KAYOkay. Let me just get back to the drone issue there, because we are looking at the international news hour here. Is there a sense that Americans are going to get more exercised, do you think, Mark, about the use of drones? Particularly if they start thinking that it's happening here in the United States rather than just abroad?
LANDLERI don't want to foreclose that possibility but it surprised me how little frankly it's really been an issue.
KAYYeah, me too.
LANDLERAnd, you know, I must say this is an area where some conservatives have raised an interesting point, which is that some of these things that we've heard about in this white paper in the last week, they made the argument that had the Bush Administration been the author of that white paper or defending some of these policies, there might have been a larger hue and cry. And I think that's at least an issue worth thinking about.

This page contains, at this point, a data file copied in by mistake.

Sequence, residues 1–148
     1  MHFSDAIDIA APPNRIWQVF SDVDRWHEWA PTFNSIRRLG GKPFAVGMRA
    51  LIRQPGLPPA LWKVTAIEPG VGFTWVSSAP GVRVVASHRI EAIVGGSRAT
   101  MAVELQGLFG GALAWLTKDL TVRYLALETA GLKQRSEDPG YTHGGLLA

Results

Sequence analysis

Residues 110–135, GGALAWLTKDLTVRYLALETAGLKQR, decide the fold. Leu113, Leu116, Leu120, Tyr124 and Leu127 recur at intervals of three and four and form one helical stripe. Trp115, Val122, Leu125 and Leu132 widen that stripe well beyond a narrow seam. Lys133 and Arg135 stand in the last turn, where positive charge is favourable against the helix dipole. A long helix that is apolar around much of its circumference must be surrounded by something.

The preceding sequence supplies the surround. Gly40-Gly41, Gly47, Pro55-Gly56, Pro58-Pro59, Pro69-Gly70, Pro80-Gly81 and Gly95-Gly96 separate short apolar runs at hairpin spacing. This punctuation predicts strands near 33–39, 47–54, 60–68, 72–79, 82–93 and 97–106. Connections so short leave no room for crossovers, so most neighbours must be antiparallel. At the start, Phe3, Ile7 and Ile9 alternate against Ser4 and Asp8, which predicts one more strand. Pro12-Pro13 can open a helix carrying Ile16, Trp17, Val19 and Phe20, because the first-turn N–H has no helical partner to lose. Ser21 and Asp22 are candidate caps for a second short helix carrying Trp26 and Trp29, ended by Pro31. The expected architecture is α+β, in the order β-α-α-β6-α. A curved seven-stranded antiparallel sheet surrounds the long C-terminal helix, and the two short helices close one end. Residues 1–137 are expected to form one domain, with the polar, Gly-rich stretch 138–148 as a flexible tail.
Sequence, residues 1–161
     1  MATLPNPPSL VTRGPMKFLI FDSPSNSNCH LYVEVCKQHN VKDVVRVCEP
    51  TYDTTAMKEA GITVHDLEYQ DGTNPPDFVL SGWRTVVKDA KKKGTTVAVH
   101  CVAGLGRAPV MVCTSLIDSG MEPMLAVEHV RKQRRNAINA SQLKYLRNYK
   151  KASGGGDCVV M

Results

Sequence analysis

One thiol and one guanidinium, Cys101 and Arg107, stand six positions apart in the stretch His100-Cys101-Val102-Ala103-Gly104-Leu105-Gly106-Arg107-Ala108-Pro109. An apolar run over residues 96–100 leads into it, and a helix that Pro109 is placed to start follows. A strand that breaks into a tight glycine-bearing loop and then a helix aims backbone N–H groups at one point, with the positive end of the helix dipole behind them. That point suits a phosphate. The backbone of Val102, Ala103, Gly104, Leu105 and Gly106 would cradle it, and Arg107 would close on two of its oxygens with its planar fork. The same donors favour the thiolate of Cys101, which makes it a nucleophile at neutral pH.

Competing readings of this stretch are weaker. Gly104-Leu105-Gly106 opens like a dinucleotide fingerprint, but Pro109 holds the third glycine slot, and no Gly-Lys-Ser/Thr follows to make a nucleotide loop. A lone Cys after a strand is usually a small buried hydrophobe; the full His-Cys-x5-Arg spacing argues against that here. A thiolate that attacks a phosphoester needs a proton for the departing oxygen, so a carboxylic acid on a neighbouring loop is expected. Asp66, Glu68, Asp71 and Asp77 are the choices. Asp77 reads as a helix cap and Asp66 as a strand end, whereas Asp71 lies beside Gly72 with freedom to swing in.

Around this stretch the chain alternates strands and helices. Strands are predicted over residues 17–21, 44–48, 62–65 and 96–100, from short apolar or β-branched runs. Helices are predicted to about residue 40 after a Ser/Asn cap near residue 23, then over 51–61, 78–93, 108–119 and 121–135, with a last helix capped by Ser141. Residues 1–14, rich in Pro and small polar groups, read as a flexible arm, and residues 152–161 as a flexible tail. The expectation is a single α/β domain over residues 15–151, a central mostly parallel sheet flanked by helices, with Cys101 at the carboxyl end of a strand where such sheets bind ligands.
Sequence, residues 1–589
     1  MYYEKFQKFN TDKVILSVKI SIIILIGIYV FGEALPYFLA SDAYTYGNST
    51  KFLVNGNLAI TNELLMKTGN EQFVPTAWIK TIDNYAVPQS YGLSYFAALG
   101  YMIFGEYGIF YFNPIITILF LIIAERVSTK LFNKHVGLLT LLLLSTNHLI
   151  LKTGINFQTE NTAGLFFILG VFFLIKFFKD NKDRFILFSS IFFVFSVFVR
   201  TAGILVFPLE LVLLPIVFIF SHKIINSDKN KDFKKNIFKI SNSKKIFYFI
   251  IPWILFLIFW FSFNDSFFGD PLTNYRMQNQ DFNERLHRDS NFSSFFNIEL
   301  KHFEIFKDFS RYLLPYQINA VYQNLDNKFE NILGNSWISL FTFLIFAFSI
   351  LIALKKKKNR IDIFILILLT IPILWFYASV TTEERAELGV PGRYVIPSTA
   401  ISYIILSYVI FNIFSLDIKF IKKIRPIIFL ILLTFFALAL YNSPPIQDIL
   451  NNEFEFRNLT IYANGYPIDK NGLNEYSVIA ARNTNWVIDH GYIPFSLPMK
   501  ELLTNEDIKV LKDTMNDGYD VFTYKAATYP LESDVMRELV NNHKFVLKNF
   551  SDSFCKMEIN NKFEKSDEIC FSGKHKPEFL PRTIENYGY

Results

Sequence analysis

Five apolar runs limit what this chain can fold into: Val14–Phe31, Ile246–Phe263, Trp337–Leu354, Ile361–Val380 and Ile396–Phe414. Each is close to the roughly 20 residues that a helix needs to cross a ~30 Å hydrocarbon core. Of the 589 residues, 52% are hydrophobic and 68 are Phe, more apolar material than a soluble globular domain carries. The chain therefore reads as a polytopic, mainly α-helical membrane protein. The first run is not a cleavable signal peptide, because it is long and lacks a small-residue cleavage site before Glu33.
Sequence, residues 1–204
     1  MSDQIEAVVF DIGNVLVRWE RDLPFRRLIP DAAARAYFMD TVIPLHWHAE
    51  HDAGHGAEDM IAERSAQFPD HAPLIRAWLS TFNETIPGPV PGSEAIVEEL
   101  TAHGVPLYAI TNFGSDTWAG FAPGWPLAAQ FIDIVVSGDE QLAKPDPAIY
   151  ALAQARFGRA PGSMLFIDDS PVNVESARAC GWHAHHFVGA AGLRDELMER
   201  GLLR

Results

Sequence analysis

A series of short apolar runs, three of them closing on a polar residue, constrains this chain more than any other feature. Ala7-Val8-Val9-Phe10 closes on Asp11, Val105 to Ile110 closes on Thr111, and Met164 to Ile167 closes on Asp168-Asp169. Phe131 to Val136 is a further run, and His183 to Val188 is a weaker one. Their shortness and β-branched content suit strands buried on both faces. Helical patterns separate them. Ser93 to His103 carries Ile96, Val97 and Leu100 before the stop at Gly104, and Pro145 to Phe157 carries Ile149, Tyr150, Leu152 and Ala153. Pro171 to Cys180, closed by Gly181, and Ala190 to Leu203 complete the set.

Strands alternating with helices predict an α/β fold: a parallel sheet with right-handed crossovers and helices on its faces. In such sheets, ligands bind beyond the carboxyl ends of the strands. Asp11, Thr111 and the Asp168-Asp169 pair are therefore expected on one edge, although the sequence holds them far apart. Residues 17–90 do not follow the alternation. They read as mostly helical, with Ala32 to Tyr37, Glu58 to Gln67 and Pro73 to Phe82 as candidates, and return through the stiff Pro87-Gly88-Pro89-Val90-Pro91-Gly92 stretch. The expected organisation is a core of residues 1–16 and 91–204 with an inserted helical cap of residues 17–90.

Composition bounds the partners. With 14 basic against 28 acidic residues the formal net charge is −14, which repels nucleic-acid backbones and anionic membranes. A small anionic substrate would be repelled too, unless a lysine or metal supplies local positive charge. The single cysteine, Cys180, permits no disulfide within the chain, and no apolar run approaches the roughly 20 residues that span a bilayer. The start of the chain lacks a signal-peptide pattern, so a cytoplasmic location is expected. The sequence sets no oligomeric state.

LANDLERBut one thing about putting John Brennan, you know, at the witness table for a few hours is, I mean, you do -- I think the administration is beginning to recognize that you simply can't have this continue to be an undebated issue. Even President Obama himself has acknowledged that. And it's been very funny watching the moments when he's felt free to talk about it. I mean, it was very striking to me that he did it once.